Loss of Your Child’s Health Coverage

Just to make the meal sweeter, AHCA will not only put your health coverage at risk, but will also put your child’s health coverage at risk. If your child has Medicaid, you can expect that most states will need to cut back services or limit eligibility for the program in the wake of federal funding cuts (see more on this, below), with the most severe consequences if your child has a disability. If your state rolls back the essential health benefits requirement for private health insurance, you could see new annual or lifetime limits on your child’s benefits, even if you have employer-based coverage. If you have daughters or granddaughters, you can rest knowing they too will have less access to coverage for pregnancy related care. 

Defunding Planned Parenthood
No Tax Credits for Plans Covering Abortion
$839 Billion Cut from Medicaid

There are many other options for cutting access to health care services for mothers through AHCA. Defunding Planned Parenthood for one year will mean that mothers will lose access to family planning services, pap smears, and well-woman exams. Insurance plans on the individual market will likely stop covering abortion because tax credits under AHCA cannot be used for plans that cover abortion services – even though the tax credits under the ACA are not used to pay for abortion services. This is particularly special for women living in California and New York who may not be able to use the tax credits at all because all plans in their states currently cover abortion services. The biggest side dish is over $800 billion cut from Medicaid, with the inevitable result that moms will lose coverage, face service cuts, or higher costs for care. This side is large enough to share with your children who may also lose Medicaid coverage.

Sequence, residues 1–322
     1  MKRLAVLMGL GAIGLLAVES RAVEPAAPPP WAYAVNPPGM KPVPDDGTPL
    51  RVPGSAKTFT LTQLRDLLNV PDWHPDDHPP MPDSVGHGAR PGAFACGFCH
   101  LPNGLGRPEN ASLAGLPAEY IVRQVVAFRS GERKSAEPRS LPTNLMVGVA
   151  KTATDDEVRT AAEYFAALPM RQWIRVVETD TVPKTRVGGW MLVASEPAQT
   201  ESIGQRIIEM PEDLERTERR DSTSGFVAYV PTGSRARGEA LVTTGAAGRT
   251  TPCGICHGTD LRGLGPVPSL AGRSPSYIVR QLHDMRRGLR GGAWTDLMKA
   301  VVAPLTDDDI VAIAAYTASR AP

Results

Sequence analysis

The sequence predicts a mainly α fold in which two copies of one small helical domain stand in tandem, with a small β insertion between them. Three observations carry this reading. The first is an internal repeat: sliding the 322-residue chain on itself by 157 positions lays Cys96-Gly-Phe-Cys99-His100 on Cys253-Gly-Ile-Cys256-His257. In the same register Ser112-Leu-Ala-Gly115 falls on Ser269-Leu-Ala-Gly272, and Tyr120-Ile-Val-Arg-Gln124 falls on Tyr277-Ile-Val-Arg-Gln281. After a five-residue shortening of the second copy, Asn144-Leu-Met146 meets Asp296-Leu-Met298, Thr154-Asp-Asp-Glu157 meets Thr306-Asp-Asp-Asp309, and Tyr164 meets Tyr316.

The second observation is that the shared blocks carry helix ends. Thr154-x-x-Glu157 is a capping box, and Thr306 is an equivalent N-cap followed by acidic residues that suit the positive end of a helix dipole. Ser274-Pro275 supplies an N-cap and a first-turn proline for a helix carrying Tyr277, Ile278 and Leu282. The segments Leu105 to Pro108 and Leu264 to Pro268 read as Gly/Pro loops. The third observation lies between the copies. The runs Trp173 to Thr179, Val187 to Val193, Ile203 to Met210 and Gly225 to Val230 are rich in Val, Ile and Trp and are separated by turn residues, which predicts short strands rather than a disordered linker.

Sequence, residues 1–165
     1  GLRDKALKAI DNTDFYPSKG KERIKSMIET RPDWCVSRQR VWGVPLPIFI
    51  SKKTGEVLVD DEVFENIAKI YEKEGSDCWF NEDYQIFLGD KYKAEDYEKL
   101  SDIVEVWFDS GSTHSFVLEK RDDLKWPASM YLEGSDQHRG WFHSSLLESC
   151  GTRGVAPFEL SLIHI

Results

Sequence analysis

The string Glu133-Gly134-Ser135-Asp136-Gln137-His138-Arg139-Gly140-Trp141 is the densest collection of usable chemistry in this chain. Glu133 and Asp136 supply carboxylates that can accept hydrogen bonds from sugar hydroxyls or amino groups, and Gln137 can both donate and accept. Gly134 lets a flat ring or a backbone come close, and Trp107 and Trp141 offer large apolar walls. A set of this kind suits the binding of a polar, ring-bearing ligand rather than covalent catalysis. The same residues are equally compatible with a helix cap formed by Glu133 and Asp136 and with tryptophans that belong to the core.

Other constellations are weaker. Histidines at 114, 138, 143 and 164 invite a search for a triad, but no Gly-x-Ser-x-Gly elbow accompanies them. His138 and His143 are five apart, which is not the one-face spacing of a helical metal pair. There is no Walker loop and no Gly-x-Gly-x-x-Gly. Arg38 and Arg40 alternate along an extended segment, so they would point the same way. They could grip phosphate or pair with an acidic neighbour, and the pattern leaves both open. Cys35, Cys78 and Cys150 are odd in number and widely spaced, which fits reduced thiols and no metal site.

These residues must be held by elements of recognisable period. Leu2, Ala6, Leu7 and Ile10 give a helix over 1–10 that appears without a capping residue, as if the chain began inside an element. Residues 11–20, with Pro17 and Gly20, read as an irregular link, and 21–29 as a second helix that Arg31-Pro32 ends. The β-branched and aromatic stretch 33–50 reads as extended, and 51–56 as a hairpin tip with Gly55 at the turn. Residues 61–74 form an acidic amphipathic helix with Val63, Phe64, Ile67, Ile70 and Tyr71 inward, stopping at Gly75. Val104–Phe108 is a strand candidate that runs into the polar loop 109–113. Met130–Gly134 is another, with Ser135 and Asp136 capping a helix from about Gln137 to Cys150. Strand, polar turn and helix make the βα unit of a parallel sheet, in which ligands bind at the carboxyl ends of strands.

Special Course from Chef Trump
Loss of Contraceptive Coverage

AHCA doesn’t touch your birth control. But, President Trump has added to your Mother’s Day menu by signing an Executive Order, the same day AHCA passed the House, that directs federal agencies to consider amending regulations implementing the women’s preventive services requirements “to address conscience-based objections.” Secretary of Health and Human Services Tom Price quickly welcomed the opportunity to review taking away women’s access to contraception.

The executive order only targets women’s preventive services. Although the assumption is that the order targets contraceptive coverage in relation to several lawsuits claiming religious and moral objections to birth control, it is possible that there will be an attempt to amend other preventive services important to mothers. Coverage of many prenatal office visits, breastfeeding pumps, and lactation counseling are all part of the women’s preventive services targeted by the executive order.


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The opinions expressed here are solely those of the individual blog post authors and do not represent the views of Georgetown University, the Center on Health Insurance Reforms, any organization that the author is affiliated with, or the opinions of any other author who publishes on this blog.